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Oprah-atic Citizenship

I’m really excited to announce that my interview with Kathryn Lofton, one of the most creative and brilliant young scholars of religion around right now, is now up at The Immanent Frame. Katie is a historian by trade, but over the years she has also cultivated a powerful fascination with Oprah, leading to her new book: Oprah: The Gospel of an Icon. It’s a must-read, an ironic yet completely heartfelt encounter with pop culture’s most iconic woman.

Here’s a bit of our conversation:

NS: Do you feel some responsibility to confront what Oprah represents, in the form of an active, engaged social critique?

KL: It is incredibly important that we—women, men, believers, heathens, citizens—think, and think critically, about the female complaint, especially as it takes this specific form in the public sphere. Oprah is not just Oprah—she represents what has come to be a naturalized logic for women’s suffering. I would be lying if I didn’t say that writing this book was, for me, an act of feminism. But I would say that it is more important to me that it be understood as an act of criticism connected to the deep tissue of our national political and economic imaginary. So yes, this is an act of social critique. For as much as the solo striving hungry female is the object here, it is the silence of her sociality—all the while making commodity of her social receipt and struggle—that disturbs me. On her message boards, everyone testifies, but they don’t form social communities, social insurrection, or social protest. The social is incredibly absent from Oprah, even as she praises the idea of girlfriends, of groups, of clubs. The social is a rhetorical formulation leaving women exposed in their extremity without any public held accountable.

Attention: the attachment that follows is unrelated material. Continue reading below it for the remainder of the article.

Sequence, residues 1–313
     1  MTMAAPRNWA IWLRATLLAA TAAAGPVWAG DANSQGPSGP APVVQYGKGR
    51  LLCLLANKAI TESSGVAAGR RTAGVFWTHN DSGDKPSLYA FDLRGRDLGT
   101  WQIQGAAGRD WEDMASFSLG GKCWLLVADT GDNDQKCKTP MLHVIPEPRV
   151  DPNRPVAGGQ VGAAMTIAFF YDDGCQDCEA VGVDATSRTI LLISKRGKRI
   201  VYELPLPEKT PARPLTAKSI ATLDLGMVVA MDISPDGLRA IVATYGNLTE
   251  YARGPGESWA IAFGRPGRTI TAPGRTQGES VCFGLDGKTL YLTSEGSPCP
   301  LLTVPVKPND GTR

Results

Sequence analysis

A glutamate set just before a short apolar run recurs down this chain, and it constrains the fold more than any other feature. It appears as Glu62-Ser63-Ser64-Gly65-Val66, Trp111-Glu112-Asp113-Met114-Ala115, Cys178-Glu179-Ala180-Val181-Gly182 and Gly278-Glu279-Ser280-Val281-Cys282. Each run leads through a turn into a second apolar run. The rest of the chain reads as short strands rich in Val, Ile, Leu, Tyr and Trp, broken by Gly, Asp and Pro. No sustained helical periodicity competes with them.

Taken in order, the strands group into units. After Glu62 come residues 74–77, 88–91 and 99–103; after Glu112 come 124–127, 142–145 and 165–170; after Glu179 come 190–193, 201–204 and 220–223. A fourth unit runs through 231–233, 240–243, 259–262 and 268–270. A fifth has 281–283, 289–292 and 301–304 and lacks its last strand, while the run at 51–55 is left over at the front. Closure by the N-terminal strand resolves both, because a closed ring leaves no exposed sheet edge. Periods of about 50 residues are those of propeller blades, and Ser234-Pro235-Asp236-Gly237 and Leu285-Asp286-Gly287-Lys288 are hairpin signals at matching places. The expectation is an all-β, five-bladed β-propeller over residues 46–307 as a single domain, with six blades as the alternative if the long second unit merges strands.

Read the rest at The Immanent Frame.

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